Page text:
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    Ellena Leslie

    'End of Life' Living

    The Patient Room The Sensory Garden The Tea Garden The Reflective Garden Sectional Model of a Patient Room

    The Patient Room

    ‘End of life’ Living, does not need to be the end of living life. This thesis explores how to de-institutionalise the institution, in order to establish a more domesticated scale and sense of living.




    This thesis project concentrates on the idea of end of life Living, through designing a domesticated scale hospice and palliative care centre. People with terminal illnesses deserve a safe and comfortable environment to live in, if living at home is not a viable option. Death and dying are often uncomfortable conversations that society shy away from. Architect and urban designer Alison Killing discussed the conversations regarding death, or lack thereof, in her TEDtalk. She theorises that the aftermath of World War II created a shift in how society viewed healthcare. However ‘with all the focus on life, death was forgotten’. She suggests that if society opened up this conversation of dying, and the way we view death as a concept, then the way society approaches death and designing for death, will change too. In order to understand the changes in the way we design for dying, a comprehensive understanding is needed of the perceptions and the changes to how society and culture has traditionally dealt with death.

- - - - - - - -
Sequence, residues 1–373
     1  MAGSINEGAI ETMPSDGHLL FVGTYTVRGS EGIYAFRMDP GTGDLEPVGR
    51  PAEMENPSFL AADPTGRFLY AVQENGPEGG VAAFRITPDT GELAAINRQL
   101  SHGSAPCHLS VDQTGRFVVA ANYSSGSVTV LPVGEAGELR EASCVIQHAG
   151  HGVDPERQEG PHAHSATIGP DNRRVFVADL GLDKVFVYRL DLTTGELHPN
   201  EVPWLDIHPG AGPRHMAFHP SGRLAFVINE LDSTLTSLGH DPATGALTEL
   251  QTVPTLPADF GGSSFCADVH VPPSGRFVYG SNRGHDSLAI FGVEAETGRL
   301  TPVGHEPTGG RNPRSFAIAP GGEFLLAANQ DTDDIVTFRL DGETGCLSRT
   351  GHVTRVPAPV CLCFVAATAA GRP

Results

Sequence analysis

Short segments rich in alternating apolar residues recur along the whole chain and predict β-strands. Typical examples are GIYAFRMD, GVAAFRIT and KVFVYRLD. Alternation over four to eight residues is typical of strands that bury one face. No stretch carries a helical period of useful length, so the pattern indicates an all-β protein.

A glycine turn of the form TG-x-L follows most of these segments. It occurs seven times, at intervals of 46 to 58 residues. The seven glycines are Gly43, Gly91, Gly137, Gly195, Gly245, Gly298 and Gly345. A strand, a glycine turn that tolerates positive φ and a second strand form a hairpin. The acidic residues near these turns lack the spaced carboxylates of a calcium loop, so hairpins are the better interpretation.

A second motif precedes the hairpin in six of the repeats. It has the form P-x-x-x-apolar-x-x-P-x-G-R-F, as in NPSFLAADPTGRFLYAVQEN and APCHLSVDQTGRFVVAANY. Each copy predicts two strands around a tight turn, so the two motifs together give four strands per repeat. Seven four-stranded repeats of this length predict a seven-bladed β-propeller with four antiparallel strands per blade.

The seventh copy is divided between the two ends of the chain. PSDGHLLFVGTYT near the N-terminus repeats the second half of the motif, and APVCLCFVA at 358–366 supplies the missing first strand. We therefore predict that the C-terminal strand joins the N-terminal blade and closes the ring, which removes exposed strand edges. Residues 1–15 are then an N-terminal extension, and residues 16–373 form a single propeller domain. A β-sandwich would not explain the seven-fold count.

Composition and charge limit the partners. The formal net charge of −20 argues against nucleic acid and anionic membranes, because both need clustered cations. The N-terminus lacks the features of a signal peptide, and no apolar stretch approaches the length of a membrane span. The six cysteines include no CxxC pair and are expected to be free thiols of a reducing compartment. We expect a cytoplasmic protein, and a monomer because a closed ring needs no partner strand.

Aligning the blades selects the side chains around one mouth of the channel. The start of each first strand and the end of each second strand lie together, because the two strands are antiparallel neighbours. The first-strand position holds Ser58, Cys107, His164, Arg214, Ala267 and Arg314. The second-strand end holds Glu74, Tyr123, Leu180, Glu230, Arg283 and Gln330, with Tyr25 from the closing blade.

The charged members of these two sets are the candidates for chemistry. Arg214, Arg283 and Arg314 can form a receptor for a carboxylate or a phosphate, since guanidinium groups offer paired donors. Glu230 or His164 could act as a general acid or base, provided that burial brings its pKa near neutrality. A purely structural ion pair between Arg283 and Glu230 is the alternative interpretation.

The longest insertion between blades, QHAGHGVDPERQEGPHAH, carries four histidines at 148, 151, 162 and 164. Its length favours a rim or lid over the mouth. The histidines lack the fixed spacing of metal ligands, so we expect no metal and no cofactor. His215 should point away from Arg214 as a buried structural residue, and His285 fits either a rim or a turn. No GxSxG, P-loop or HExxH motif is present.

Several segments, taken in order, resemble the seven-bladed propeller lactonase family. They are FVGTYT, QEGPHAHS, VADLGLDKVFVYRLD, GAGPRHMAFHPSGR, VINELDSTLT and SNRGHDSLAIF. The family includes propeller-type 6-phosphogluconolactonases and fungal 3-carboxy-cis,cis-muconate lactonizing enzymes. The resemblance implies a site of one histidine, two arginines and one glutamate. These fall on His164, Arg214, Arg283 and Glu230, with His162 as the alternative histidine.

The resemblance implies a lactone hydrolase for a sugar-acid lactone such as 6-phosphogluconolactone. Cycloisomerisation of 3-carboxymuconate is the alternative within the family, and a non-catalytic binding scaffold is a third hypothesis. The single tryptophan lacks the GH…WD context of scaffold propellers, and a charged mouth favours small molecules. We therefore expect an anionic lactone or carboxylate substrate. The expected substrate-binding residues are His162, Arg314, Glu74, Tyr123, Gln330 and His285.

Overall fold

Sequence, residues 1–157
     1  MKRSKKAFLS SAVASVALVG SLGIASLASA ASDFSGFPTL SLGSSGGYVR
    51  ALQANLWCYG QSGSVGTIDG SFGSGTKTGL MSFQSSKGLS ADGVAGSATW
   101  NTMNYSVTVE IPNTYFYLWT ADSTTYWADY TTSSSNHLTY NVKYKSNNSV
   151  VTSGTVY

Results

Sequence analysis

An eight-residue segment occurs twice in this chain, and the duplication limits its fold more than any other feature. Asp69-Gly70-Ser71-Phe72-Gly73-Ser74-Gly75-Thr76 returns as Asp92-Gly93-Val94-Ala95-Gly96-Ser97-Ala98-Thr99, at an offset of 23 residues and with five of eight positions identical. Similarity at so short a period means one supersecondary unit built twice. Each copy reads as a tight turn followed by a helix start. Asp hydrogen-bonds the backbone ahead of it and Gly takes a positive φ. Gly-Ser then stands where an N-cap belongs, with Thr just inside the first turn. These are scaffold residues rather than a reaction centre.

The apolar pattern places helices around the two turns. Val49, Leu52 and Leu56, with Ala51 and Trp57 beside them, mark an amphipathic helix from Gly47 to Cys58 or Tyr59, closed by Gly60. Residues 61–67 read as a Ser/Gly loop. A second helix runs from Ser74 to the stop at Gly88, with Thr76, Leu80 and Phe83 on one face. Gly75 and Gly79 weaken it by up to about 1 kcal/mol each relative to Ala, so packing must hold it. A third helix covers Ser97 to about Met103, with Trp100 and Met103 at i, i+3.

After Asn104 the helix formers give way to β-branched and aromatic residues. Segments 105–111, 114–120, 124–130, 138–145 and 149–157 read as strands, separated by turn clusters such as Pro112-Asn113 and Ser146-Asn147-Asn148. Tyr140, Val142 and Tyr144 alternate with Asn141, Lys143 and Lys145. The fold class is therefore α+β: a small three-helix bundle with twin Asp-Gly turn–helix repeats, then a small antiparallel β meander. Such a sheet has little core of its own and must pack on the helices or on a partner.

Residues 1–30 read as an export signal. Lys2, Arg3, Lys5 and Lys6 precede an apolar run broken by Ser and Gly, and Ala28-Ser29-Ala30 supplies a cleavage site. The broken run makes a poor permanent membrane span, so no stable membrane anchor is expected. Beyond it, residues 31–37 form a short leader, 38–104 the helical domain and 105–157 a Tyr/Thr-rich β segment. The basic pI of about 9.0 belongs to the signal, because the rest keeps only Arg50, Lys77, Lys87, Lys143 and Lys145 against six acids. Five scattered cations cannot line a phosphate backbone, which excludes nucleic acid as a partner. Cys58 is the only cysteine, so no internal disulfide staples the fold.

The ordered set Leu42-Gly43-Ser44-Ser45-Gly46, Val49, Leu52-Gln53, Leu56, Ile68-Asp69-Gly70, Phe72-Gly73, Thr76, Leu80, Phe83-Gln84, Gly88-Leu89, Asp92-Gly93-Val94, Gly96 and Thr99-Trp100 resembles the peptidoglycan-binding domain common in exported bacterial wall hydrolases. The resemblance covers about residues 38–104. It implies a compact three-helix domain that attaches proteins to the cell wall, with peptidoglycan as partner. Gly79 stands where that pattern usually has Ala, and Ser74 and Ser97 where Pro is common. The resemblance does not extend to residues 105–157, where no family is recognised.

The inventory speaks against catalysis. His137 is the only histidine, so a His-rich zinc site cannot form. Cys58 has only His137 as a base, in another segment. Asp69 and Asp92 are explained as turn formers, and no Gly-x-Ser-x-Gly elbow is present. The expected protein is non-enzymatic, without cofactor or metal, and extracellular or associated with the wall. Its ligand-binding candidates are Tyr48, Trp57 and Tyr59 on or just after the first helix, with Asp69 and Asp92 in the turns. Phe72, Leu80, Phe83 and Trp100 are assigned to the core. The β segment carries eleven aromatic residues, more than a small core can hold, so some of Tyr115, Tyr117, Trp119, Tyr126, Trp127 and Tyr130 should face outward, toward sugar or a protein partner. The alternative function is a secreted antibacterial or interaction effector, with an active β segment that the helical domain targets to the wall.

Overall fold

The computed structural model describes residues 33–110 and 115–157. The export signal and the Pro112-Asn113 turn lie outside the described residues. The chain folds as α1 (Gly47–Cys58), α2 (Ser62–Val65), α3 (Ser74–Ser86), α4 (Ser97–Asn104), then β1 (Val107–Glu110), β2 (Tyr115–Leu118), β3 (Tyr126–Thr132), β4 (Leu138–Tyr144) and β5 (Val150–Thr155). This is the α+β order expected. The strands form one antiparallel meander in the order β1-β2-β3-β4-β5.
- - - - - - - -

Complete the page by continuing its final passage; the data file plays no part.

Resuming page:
However, in light of a global pandemic, the ageing population, and a more informed approach to ‘End-of-Life’ living, is there a potential to design an optimal sanctuary to allow those progressing to the last phases of life a safer, relaxed, and less formal place to die with dignity? This thesis project explores those options, whilst understanding the key principles of designing for the dying.

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